- Wealth PMS (50L+)
Would we apply for the CPSE ETF IPO in the next few days? The Government offers a 5% discount on shares bought in this IPO. Capitalmind gives you an in-depth analysis.
The Reliance CPSE ETF goes on a new IPO between Jan 18 and Jan 20. The CPSE ETF has 10 public sector stocks in it, and allows the government to sell those stocks without actually losing control. Effectively the ETF unitholders (as a mutual fund unitholder) own the stocks. And after a very successful listing in March 2014.
The earlier edition created the ETF, with retail applicants being given units at a 5% discount. The ETF listed at Rs. 19 or so, and has done reasonably well with a 30% return in about three years. But it’s done even better than the underlying index! Here’s a comparison:
The reason the ETF is quoting at higher than the index (it’s supposed to be 1/100th the index) is that it gets dividends and reinvests them.
The dividend yield is about 4%, so in two years or so, the ETF has an 8% value higher than the index. The dividends seem to have been reinvested into stocks.
Typically ETFs don’t directly buy stocks. But in the face of redemptions, they might redeem units from Authorized Participants for cash. Usually when a market participant (a big player or broker that buys units in the market) gives units to the ETF, the ETF gives it a basket of stocks. But sometimes in a heavy redemption scenario, they could give cash instead, so that the participants don’t have to dump shares in the market. This is what is likely to have happened.
In the NFO in March 2014, the CPSE ETF retail buyers were offered a 5% discount on purchase. They bought Rs. 3,000 cr. worth units (and it was further oversubscribed). The current AUM is Rs. 2,280 cr. which is much lower than the AUM on the IPO! Why?
That’s because people have sold units in the market. When you give people a free 5% they are likely to take it rather than hold on to the shares for a long time. When they sold, Market Participants bought (they take the other side). These participants then give the ETF the units and take back shares or cash, and the AUM reduces.
The product note says so. But it says this: A discount of 5% will be on the FFO Reference price of the underlying shares of the CPSE Index.
What does that mean? Here’s our reading of it:
There is one caveat. A retail applicant will get a minimum of 5000 units if he applies for them. If the total applications for 5,000 units are so much that they cross the IPO limit, each investor gets equal shares, using a similar calculation. (Read the full document)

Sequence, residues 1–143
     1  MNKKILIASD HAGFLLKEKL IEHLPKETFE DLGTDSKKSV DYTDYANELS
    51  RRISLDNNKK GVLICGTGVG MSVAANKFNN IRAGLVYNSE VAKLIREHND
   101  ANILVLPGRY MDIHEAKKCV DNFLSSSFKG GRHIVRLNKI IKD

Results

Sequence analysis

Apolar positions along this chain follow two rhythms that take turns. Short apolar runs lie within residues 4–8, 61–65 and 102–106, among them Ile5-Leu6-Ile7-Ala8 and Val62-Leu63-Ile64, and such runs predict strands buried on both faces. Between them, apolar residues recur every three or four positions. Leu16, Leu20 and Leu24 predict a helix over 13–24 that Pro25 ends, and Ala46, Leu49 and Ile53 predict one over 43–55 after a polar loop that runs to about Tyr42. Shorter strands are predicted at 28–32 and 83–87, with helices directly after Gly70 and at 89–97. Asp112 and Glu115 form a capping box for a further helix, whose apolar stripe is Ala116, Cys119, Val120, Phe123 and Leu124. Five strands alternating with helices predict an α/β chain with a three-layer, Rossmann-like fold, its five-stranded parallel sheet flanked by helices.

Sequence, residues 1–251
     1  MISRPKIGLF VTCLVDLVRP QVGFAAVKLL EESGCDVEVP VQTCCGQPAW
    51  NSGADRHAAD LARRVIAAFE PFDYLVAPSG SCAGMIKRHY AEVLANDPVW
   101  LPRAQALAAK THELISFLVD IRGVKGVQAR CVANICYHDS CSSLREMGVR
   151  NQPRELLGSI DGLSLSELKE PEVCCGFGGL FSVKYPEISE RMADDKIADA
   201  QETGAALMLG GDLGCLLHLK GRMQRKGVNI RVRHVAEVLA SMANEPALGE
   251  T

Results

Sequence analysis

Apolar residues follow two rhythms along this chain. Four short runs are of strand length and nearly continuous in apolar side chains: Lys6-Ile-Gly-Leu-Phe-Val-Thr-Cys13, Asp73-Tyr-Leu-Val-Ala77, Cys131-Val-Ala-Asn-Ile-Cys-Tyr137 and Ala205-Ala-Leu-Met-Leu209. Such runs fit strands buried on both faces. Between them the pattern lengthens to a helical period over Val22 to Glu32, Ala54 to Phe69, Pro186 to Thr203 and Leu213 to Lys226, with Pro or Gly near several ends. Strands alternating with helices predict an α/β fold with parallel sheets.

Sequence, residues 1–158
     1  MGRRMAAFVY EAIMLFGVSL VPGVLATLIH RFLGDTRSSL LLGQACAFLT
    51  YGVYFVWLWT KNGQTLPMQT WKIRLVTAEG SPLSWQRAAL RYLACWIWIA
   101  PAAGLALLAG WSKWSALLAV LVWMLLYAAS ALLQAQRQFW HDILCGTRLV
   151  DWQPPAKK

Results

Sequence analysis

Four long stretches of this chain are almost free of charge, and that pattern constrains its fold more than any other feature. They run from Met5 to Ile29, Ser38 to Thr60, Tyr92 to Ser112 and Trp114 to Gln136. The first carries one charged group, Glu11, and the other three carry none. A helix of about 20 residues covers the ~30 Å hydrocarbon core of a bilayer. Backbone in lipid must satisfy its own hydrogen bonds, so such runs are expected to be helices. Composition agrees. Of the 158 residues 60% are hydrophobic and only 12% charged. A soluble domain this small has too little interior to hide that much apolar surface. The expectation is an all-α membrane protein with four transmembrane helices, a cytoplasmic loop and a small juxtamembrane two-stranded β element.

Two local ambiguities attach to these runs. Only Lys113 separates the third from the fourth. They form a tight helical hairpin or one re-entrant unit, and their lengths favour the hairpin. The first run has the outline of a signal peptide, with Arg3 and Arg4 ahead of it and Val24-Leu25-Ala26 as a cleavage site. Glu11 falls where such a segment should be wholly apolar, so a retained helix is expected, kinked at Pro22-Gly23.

You might say hey, why not just buy? Take the 5% discount and sell! That’s a neat profit?
You’ll put your money now. You will get allocations around February first week or so. If in that time there is a crash of the stock price, you will get the January price which can be higher. So you have the price risk for a few weeks.
Secondly, look at the CPSE February Future price. It’s at a Rs. 44 discount to the stock price. (Index at 2489, Feb future at 2445). They actually expect the index to dip after the units are allocated – precisely because people will sell.
That means even if you got the units at a 5% discount, you carry the price risk till the ETF units are given to you. And then, when you sell, hundreds of people like you will also sell, bringing the price down further (as the future price seems to expect).
Also note that there are some transaction charges of Rs. 100 to Rs. 150 per application that will apply anyhow.
The CPSE Index is 1/4th ONGC. And then, 1/5th Coal India. It’s got one logistics company (Concor), two engineering companies and the rest are in the energy or power sectors.
While the ETF has done reasonably well with a return of 30% in nearly three years, you should understand that most other indexes have done even better. The CPSE index hasn’t even crossed its own high in 2014!
Carrying price risk for a few weeks is not very useful. You can’t even hedge using futures, as the future seems to quote 2% below current levels (this may change in this week). Plus, with a budget in the middle (Feb 1) it’s not great to keep unknown risks on.
Another reason you can’t hedge is that you can’t easily be assured of Rs. 500,000 worth units, which is how much you need for one future to properly hedge.
A 5% cushion is nice, but not nice enough unless you love the underlying stocks.
The portfolio isn’t very interesting to hold for the longer term. The ETF mechanism ensures that the stock ownership isn’t easily privatized so the government isn’t actually freeing these companies. But if you like them, then using the ETF may be a better way than buying each one individually.